Tag Archives: Flight of the Conchords

A Music Review of Oscar

27 Feb

At around 10:30 p.m. yesterday I wrapped up my viewing of the Oscars. I bidded my family and the downstairs television adeiu, climbed upstairs, prepared for bed, and then sat in bed for another hour until Billy Crystal wished the audience a good night. Yes, if I truly wanted to end my watching of the show I could have easily not turned on the television in my bedroom, but I cite this otherwise useless mention of the movements of my previous evening to prove a point. The Oscars, even without having anything invested in them, is intriguing and entertaining – enough to make you watch (even with an early-morning train in the morning).

I was happy to see The Artist pick up most of the large awards (including the Best Picture award), because this ode to pre-sound flicks demonstrated a good-hearted nature and an ode to film itself (which is what the Oscars represent). The Artist also won for Best Original Score and Ludovic Bource, the composer of the film’s music, definitely deserved the award.

On Friday I predicted the winner of the Best Original Song category and, while there were only two choices (so I had a decent chance of picking the winner), I accurately picked “Man or Muppet” as the winner. And while I am happy for Kermit and Miss Piggy, I am most happy for this guy.

Bret McKenzie


As you can probably tell from the suit and the Oscar, Bret McKenzie won something last night. He was tasked to write music for the 2012 Muppets movie, and, as musical supervisor, he penned “Man or Muppet” and another four songs for the soundtrack. So why I am happy for Mr. McKenzie, besides the fact that we are both human and he achieved a feat of accomplishment. Bret McKenzie was one-half of “Formerly New Zealand’s fourth most popular guitar-based digi-bongo acapella-rap-funk-comedy folk duo,” The Flight of the Conchords. The other half was Jemaine Clement. 

My friends and I first listened to Flight of the Conchords’ unique brand of folk/comedy when we were in High School. Their purposefully awkward interplay, catchy riffs, hilarious one liners, and surprisingly good voices, had us repeatedly watching Youtube videos of their performances. And while watching those videos I just knew that one of the duo would win an Oscar for a song about muppets. Just knew it. To celebrate Mr. McKenzie’s Oscar victory here is a song about business time. I’m sure he was wearing his business socks!

On to another Oscar note. Esperanza Spalding, who has recently come into notoriety with her Grammy for Best New Artist, performed a beautiful version of “What A Wonderful World” during the In Memoriam section of the Oscars. Spalding, who plays a unique brand of soul/jazz/fusion, is proficient on bass and in vocals. Listen to the version of the classic – which she performed with The Southern California Children’s Chorus – below:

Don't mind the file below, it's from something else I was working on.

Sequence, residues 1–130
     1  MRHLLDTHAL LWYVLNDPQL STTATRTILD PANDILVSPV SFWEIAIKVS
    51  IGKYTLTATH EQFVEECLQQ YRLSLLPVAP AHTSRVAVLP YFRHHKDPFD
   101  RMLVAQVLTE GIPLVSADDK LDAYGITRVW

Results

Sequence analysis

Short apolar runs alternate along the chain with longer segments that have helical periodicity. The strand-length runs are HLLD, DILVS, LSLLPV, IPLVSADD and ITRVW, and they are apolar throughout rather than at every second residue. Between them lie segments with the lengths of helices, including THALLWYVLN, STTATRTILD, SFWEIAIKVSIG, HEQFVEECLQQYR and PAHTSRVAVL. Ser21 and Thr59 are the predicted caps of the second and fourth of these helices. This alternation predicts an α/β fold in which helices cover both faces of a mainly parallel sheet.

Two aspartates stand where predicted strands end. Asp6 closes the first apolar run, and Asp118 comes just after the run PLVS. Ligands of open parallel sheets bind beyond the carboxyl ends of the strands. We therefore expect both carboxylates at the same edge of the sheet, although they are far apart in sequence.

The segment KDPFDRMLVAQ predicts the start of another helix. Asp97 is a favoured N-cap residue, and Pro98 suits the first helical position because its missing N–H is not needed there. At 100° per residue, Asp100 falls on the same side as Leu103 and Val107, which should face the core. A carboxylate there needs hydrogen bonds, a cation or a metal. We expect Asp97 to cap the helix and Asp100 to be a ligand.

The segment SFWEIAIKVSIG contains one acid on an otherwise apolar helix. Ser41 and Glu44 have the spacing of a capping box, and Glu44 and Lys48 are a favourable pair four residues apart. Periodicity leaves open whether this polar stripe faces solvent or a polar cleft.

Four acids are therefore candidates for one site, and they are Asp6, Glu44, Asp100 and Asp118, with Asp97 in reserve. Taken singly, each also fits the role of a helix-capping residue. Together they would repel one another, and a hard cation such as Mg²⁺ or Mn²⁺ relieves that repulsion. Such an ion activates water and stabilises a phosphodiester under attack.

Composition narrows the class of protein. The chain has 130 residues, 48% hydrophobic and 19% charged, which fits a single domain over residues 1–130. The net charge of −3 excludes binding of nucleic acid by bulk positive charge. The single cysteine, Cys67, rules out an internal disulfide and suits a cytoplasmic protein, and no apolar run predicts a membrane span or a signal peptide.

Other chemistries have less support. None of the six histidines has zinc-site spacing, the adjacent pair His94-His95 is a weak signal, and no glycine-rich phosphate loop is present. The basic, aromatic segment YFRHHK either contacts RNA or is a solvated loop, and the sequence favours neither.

The Distant Future: Comedians who Happen to Sing

20 Oct

I would like to apologize to my dedicated following for posting a few days late, or one day early (matters which way you look at it), but my schedule has been unrelenting.  I will, however, attempt to cheer whomever I can up with the following group of musical comedy geniuses who have made me cry simply from laughing hard on more than one occasion.

New Zealand’s fourth most popular guitar-based digi-bongo acapella-rap-funk-comedy folk duo is the description the comedy duo Flight of the Conchords gives themselves.  Don’t let it fool you.  Flight is the best (and most popular) guitar based acappalla rap comedy folk duo that just happens to use bongos, rap and funk in their music.  My favorite thing about Flight on the musical side is that they (as their description suggests) are real musicians.  Songs aren’t simple four chord songs with a single melody, but they use varied instrumentation, vocal harmonies and expand upon simple musical structures.  On the lyrical side, Flight stands out for their comedic style.  If Flight was a girl, she’d be the one you’d want to bring home to mama because their humor isn’t crude or vulgar but witty and clever.  Just check out their name (Flight of the Conchords).

While Flight takes a mostly clean approach to comedy, most comedians use vulgarity and crudeness as part of their acts and many musical comedians are no different.  Enter Stephen Lynch.  Lynch would be the kid you’d never want to get near your parents for fear he might curse, tell inappropriate jokes and be an all around %*$&#*$.  Lynch’s style isn’t for the easily offended or overtly sensitive.  However, if you do enjoy jokes about just about any topic imaginable, Lynch is your man.

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